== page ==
MMJ advocacy group Americans for Safe Access filed a legal brief Wednesday with the Ninth Circuit Court of Appeals in hopes of correcting "statements by the federal government that 'marijuana has no currently accepted medical use in treatment in the United States,'" says a news release.
The move was prompted by the Department of Veterans Affairs releasing its new policy toward military veteran MMJ users.
"Recognition of marijuana's therapeutic benefits by a federal agency makes it more difficult for the government to argue against marijuana's medical value," says ASA Chief Counsel Joe Elford — who filed the notice with the court — in the release. "The government's reasons for maintaining an outdated and harmful position on medical marijuana are running out."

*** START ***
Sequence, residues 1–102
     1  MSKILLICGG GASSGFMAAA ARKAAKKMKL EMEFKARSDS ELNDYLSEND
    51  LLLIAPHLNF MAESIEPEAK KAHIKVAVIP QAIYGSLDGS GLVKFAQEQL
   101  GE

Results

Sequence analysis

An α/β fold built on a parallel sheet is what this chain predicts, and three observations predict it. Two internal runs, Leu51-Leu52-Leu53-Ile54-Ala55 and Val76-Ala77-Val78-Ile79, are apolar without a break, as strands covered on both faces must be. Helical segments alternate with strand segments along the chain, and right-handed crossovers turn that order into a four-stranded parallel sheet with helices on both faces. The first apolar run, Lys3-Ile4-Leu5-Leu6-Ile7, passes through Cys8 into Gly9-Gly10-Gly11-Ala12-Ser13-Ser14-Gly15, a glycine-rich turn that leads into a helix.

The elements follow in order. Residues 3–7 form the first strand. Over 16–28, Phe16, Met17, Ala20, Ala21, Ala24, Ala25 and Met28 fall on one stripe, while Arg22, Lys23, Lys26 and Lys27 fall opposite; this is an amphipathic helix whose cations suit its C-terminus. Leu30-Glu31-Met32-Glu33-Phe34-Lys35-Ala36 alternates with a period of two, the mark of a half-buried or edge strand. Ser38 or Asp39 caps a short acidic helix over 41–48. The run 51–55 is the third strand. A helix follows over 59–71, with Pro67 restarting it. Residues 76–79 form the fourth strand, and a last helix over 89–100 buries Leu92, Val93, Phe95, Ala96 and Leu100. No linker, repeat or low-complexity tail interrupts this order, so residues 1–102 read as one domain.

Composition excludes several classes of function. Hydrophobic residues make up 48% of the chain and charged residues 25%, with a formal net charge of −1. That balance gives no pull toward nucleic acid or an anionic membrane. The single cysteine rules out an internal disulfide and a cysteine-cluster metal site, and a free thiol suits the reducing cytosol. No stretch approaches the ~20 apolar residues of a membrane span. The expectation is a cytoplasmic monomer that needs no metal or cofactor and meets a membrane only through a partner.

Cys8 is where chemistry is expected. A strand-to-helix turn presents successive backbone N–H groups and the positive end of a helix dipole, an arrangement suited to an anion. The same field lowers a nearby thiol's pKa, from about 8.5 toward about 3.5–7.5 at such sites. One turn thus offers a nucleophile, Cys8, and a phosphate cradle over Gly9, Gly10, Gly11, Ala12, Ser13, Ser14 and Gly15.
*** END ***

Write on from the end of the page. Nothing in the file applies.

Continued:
In this week's Independent, we talk to Veterans for Medical Marijuana Access executive director Michael Krawitz, who told us he foresees the VA's decision having further reaching consequences in places other than just the current states that allow medical marijuana.
“If they’re recognizing someone’s medical marijuana use in Colorado, they cannot just take away someone’s pain medicine in New Jersey or New York, who’s done whatever would have been necessary to be legal in that other state," Krawitz says. "There’s going to be just no way that the VA is going to be able to make this policy that doesn’t effect that veteran as well.”